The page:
Before he was president of the World Petroleum Council (WPC), one of Pedro Miras’ first jobs was working on energy efficiency at a refinery unit in Tarragona, Spain. In the intervening years such units have been significantly improved to promote chemical recycling and reduce waste and emissions.

“It is amazing to see how traditional refineries have been converted to run along the lines of a circular economy. Efficiency is something the industry has been working on for a long time,” says Miras. “Addressing it is in our DNA.”

Current action on methane emissions by a number of WPC member countries is a result of the same attitude.

Pedro Miras, president of the World Petroleum Council

“It is one of the key developments in the operations of oil and gas companies at the moment. There is lots of investment going into developing new monitoring and reduction technologies,” he continues.

That innovative spirit is key to tackling all aspects of the energy transition and is the reason Miras believes the oil and gas industry will be a key enabler to the transition, rather than—as some industry opponents claim—its enemy.

“Oil and gas companies are the only companies that are able to deliver energy to all populations around the world,” he says, noting that large swathes of the global population still live in rural communities that are hard to electrify.

“Electricity cannot go everywhere, but we can,” he says. “That makes us key players in the transition.”

At the same time as reaching the 1bn people who still do not have access to energy, oil and gas firms need to determine how they can decarbonise scope three emissions, as well as scope one and two.

“Not everyone is going to have an electric car,” he says. “The industry needs to work out how to provide low-carbon energy to these people as well.”

That work is underway, but it will take years to commercialise and bring down costs.

“We are working hard to develop the production of sustainable fuels using hydrogen and CCUS technologies, as are companies on the demand side such as auto-manufacturers, maritime and aviation. It is amazing to see how fast progress is happening, but inevitably it will take time,” he says.

Energy security

Meanwhile, energy security is becoming an increasingly important pillar of the much-discussed energy trilemma—the balance between energy security, affordability and decarbonisation.

“My opinion is that, before Ukraine and the Covid-19 pandemic, the three pillars were a little bit unbalanced. Everyone thought that prices were not a problem, and there was not much concern about security of supply.”

The current landscape has changed and represents a new challenge for firms.

“Oil and gas companies are the only companies that are able to deliver energy to all pop-ulations around the world” Miras, WPC

“Now we are back to facing issues which have always been there, but upon which there is a renewed focus,” Miras says.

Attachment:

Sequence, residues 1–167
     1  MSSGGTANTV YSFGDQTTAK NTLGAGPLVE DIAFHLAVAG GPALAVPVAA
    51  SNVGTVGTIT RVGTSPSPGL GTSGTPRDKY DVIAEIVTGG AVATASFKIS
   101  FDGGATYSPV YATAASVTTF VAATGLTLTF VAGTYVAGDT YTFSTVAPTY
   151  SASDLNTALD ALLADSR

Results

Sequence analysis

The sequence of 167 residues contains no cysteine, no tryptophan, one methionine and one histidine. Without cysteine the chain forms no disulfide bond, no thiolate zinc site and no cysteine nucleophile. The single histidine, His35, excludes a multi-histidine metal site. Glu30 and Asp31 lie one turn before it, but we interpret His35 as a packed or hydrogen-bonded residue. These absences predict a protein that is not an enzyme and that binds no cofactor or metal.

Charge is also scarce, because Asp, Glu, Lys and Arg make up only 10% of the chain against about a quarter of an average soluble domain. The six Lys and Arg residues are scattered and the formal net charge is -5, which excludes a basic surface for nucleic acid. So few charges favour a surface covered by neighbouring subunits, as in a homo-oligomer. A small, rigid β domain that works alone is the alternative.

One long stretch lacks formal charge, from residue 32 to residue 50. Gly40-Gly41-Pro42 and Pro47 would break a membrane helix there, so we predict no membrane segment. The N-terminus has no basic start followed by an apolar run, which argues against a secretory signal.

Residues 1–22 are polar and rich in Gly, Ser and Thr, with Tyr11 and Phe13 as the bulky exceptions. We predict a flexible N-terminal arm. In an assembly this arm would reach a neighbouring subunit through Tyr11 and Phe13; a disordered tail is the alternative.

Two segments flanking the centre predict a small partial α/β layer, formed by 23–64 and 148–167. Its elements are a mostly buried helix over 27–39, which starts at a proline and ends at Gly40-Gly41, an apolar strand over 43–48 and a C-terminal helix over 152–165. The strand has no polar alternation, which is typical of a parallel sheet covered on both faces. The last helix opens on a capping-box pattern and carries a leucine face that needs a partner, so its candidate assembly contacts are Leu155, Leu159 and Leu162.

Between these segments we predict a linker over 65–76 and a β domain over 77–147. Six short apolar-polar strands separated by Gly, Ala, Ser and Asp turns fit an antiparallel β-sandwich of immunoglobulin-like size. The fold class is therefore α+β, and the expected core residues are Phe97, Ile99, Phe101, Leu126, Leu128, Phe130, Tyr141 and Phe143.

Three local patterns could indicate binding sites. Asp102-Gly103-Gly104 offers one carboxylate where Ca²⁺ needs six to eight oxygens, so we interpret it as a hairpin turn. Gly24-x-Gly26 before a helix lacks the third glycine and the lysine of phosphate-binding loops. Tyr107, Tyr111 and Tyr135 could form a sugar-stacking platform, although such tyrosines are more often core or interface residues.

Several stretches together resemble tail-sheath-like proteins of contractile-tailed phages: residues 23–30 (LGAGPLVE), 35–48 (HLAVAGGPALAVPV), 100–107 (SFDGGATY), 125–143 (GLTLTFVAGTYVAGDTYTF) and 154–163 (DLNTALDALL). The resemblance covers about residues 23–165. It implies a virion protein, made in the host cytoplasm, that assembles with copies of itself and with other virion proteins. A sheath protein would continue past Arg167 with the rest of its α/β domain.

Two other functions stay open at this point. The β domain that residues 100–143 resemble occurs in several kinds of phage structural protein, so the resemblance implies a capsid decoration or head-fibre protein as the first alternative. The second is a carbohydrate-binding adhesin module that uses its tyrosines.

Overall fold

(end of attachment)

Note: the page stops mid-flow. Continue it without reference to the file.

Addressing security of supply and high prices in the near term will mean more investment. Globally, the sector has reduced fossil fuel investment in recent years from just over $1,000bn in 2015 to $671bn in 2020, according to data from the IEA.

Many oil and gas firms faced public and government pressure to reduce emissions during this period and also reported increasing difficulties in raising finance for traditional upstream projects.

But that may be starting to change in light of the new priorities, according to Miras.

“Before the war in Ukraine and Covid-19, we saw many funds saying we are not going to finance this sector’s traditional business,” he says. “But in the end, I think they will provide whatever finance companies need to deliver energy. There is currently no other option, because if they do not prices are going to be very high.”

Already investment levels have recovered slightly, to $834bn in 2022, the IEA’s data shows, and further growth is expected this year.

Importance of ESG

However, Miras was keen to emphasise that this recent increased focus on addressing energy security and affordability does not come at the expense of efforts towards decarbonisation.

“We cannot neglect our ESG ambitions. Companies are still very aware of these, and of course regulatory regimes around the world will not allow them to forget,” he insists.

Are those regulatory regimes still structured in the right way to allow companies to balance the demands of the energy trilemma?

“Our opinion at WPC is that it is important to set targets. But nowadays there is some confusion among policymakers. Instead of saying ‘every company has to reach this target by a certain date’, they try to specify technologies. This is a mistake because companies left to their own devices will find the most efficient way to meet the targets.”

This is especially the case in Europe where Repsol, Miras’ former employer, has many of its operations.

“The regulation in Europe can be overly specific. It is much better in the US. Companies just want to be able to use their innovative instincts and technologies to reach the targets that have been set,” he concludes. 



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